Latest news and happenings of Afghanistan and region…
More than half of the Afghan produced opium is converted into heroin in Pakistani laboratories before being smuggled out to markets in Europe, Africa and the Indian sub-continent, a Hayerabad based think-tank has said in a report.
As per ANI report, the think tank stated that the drug trafficking from the said Asian countries has been growing by leaps and bounds despite best efforts to eradicate it.
“Afghanistan accounts for more than 80 percent of the world’s opium production. More than half of it is converted into heroin in Pakistani laboratories,” read an analysis by Center for Asia Africa Policy Research.
Afghan government forces and Taliban insurgents waged war against each other in the past 24 hours despite U.S. officials saying there had been a breakthrough in recent days in peace talks to end the 18-year-old conflict.
While negotiators from the warring sides pressed on with meetings in Doha, Qatar, the Taliban and the Afghan government both reported fighting on the ground.
As per Reuters report, the Afghan defense ministry said an air strike had killed a senior Taliban commander in northern Balkh province on Thursday evening.
“As result of a targeted air strike by Afghan air forces, Mawlavi Sardar Mohammad, a key member of the Taliban military commission was killed along with eight others,” the ministry said in a statement.
The Taliban did not confirm the air strike.
A Taliban spokesman, Zabihullah Mujahid, said the insurgents had killed six Afghan soldiers, including two officers, in an attack on a checkpoint in northern Kunduz province.
Afghan, Taliban and U.S. sources said a peace deal could be signed this month, allowing a withdrawal of some of 13,000 U.S. troops and thousands of other NATO personnel that remain in Afghanistan following the U.S. intervention to oust the Taliban in 2001.
U.S. President Donald Trump said on Thursday there was a “good chance” of reaching an agreement with the Taliban on a reduction of U.S. troops in Afghanistan.
U.S. Secretary of State Mike Pompeo said an important breakthrough had been made in peace talks with the Taliban in recent days, and Defence Secretary Mark Esper said they had negotiated a proposal for a week-long reduction in violence.
Details about when that was set to begin were not immediately clear but a Taliban official said it would be this week.
Attacks in Afghanistan jumped to record levels in the last quarter of 2019 compared with previous years.
US Sen. Rand Paul, R-Ky. pressed for answers this week on how the nation can finally end its nearly 20-year war in Afghanistan, where two more American soldiers were killed last weekend.
He visited Dover Air Force Base on Monday night with President Donald Trump to honor Sgt. 1st Class Javier J. Gutierrez of San Antonio, Texas, and Sgt. 1st Class Antonio R. Rodriguez of Las Cruces, New Mexico.
“Congress needs to do its duty and decide whether to continue America’s longest war,” Paul declared as he opened congressional hearing. “One generation cannot bind another generation to war and should not. We now have soldiers fighting who were born after the 9/11 attacks. We need to reexamine what our mission is in Afghanistan.”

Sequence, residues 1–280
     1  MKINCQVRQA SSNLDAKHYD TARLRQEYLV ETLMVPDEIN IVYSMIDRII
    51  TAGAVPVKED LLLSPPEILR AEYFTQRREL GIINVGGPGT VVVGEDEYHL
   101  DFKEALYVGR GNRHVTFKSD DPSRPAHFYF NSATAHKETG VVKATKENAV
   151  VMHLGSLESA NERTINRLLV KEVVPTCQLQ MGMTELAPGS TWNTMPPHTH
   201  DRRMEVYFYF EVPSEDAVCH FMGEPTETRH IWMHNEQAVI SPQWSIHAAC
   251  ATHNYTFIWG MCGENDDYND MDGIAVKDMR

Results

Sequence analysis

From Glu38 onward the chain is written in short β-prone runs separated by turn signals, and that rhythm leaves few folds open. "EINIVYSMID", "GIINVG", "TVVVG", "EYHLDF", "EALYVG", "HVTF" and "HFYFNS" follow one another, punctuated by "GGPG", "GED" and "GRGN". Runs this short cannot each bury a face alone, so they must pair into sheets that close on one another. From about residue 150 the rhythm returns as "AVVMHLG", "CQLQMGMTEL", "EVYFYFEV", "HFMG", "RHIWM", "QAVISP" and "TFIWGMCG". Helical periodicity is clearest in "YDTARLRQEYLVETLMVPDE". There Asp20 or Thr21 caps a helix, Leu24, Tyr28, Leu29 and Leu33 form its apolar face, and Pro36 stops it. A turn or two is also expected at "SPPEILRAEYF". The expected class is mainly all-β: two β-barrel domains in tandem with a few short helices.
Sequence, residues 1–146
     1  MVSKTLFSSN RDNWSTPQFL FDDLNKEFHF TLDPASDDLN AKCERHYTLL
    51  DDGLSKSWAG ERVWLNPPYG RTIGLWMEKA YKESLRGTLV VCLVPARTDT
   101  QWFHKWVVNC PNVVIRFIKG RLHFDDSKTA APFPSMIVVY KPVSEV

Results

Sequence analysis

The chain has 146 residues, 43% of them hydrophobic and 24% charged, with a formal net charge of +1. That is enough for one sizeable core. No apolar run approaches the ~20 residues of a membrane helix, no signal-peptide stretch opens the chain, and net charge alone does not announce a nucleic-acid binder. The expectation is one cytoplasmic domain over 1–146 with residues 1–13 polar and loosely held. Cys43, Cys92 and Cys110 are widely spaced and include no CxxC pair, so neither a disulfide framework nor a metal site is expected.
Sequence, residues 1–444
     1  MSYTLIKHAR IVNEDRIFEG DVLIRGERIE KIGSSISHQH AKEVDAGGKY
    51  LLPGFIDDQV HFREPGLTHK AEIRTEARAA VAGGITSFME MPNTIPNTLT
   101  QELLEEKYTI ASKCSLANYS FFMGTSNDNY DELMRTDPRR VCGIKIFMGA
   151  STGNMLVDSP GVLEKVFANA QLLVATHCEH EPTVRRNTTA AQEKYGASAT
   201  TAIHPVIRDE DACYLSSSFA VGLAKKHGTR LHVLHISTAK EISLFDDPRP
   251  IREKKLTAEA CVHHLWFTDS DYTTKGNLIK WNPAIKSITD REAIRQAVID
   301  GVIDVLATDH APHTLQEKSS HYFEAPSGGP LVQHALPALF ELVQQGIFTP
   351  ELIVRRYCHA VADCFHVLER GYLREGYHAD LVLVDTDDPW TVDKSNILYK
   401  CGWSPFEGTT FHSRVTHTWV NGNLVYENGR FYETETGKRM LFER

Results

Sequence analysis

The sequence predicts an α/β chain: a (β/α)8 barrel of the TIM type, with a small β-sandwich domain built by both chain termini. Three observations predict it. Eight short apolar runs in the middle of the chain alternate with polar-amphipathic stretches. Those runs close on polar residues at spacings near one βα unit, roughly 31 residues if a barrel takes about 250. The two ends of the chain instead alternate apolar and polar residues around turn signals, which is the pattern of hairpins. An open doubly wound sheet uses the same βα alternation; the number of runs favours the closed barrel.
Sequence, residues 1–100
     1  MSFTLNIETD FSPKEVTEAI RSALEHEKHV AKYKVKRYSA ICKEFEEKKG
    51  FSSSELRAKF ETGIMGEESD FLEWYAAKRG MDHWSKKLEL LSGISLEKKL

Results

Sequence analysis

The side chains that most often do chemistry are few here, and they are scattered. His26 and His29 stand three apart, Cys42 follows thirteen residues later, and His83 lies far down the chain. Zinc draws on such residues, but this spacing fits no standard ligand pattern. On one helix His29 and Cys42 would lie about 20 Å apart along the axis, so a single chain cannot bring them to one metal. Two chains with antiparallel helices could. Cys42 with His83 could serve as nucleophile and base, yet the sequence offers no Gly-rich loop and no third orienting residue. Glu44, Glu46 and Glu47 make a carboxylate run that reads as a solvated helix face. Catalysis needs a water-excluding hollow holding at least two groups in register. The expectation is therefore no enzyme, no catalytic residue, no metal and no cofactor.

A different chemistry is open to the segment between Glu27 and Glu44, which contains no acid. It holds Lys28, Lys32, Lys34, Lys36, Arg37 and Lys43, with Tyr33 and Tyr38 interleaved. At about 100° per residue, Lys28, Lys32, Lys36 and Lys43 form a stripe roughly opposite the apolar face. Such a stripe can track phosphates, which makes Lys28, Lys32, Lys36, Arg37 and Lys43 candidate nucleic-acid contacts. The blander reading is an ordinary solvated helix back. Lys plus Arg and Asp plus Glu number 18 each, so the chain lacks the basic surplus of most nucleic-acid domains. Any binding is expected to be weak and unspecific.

Paul has long advocated for an end to the war and has warned against America embroiling itself in perpetual conflict in the Middle East. He believes it’s vital to engage his colleagues in substantive discussions about Afghanistan, as he did with this hearing.
“I think the more we talk about it, the better chance we have of ending the war,” Paul told The Courier Journal on Wednesday morning. “The young men and women who serve overseas deserve better from us.”
Paul and other members of a subcommittee of the U.S. Senate Committee on Homeland Security and Governmental Affairs heard from several experts at Tuesday’s hearing who offered insights into how America might extricate itself from Afghanistan.
The US military continued to drop munitions on Afghanistan in January 2020 at the near record-breaking levels achieved for 2019, figures released by Air Force Central Command (AFCENT) show.
According to the Combined Forces Air Component Commander (CFACC) 2013-19 Airpower Statistics released on 13 February, 415 missions flown in Afghanistan in January resulted in weapons being released.
This is comparable to the 463 releases logged for the same month in the record-breaking year of 2019, and means that the 878 strikes logged for January 2019 and 2020 are significantly more than the combined 691 strikes recorded for same month over the previous four years.
US Sen. Mike Lee says it is way past the time to pull the plug on the war in Afghanistan, which he has called one of the most shameful political and military scandals in American history.
“Let’s get out. Nineteen years is too long. Let’s end it,” the Utah Republican emphatically stated at a Senate committee hearing.
Lee encouraged President Donald Trump to “follow his instincts” to withdraw U.S. troops fighting the Taliban in the longest-running war in American history.
Trump has conditionally approved a peace deal with the Taliban that may lead to the withdrawal of U.S. troops, the New York Times reported earlier this week.
“President Trump might be the only one that could make that hard choice because it would be a firestorm if anybody talks about actually ending this, but if anyone could do it, it might be him,” retired Lt. Col. Daniel Davis said during the hearing.
Lee said he completely agrees.